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Data: eMarketer, April 2018; Chart: Harry Stevens/Axios

A new Pew Research Center study out Sunday found that the percentage of Americans that do various media activities, like use social media or the internet has plateaued. Those forecasts mimic those of eMarketer (above) which has found a similar pattern.

Why it matters: The reason the percentage growth of usage of technologies like mobile, internet and social media is declining is because those technologies have reached a saturation point in the U.S.

  • 95% of Americans own a cellphone; 77% own a smartphone
  • 89% of Americans use the internet; 69% use social media

Between the lines: As Axios has noted previously, social media use on open networks is also declining as more people transition their social communication online to encrypted messaging networks.

What's next: Virtual reality, augmented reality and 5G. While adoption of all three is growing, AR has the most commercial use and is growing at the fastest rate, due in large part to social media leveraging AR technology to increase user engagement.

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Updated 4 mins ago - Politics & Policy

Coronavirus dashboard

Illustration: Eniola Odetunde/Axios

  1. Global: Total confirmed cases as of 10:30 a.m. ET: 11,863,477 — Total deaths: 544,949 — Total recoveries — 6,483,402Map.
  2. U.S.: Total confirmed cases as of 10:30 a.m. ET: 2,996,679 — Total deaths: 131,486 — Total recoveries: 936,476 — Total tested: 36,878,106Map.
  3. Public health: Deaths are rising in hotspots — Déjà vu sets in as testing issues rise and PPE dwindles.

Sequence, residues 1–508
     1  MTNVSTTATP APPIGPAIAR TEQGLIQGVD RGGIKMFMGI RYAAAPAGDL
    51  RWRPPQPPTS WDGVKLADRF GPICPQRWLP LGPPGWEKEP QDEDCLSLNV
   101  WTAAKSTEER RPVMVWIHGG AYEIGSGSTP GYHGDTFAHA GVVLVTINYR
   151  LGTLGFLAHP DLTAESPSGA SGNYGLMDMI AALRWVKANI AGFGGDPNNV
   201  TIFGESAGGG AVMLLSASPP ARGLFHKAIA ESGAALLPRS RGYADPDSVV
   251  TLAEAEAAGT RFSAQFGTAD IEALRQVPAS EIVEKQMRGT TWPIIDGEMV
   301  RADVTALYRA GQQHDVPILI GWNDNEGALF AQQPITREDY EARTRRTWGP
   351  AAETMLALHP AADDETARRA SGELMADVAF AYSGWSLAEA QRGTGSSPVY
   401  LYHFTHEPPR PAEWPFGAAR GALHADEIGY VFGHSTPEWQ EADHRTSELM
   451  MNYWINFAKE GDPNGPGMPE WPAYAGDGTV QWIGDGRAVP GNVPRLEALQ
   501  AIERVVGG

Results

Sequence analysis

4. Travel: How the pandemic changed mobility habits, by state.
  5. Education: Harvard and MIT sue Trump administration over rule barring foreign students from online classes.
  6. 🎧 Podcast: A misinformation "infodemic" is here.
Updated 20 mins ago - Politics & Policy

Harvard and MIT sue Trump administration over rule barring foreign students from online classes

A Harvard Law School graduate on campus before attending an online graduation ceremony on May 28. Photo: Craig F. Walker/The Boston Globe via Getty Images

Harvard and MIT on Wednesday filed a lawsuit against the Department of Homeland Security to block federal guidance that would largely bar foreign college students from taking classes if their universities move classes entirely online in the fall.

The big picture: Colleges, which often rely heavily on tuition from international students, face a unique challenge to safely get students back to class during the coronavirus pandemic. Some elite institutions, like Harvard, have already made the decision to go virtual.

Facebook auditors say it's failing on civil rights

Illustration: Sarah Grillo/Axios

The findings from a new civil rights audit commissioned and released by Facebook show that the tech giant repeatedly failed to address issues of hatred, bigotry and manipulation on its platform.

Why it matters: The report comes as Facebook confronts a growing advertiser boycott and criticism for prioritizing freedom of speech over limiting misinformation and protecting users targeted by hate speech.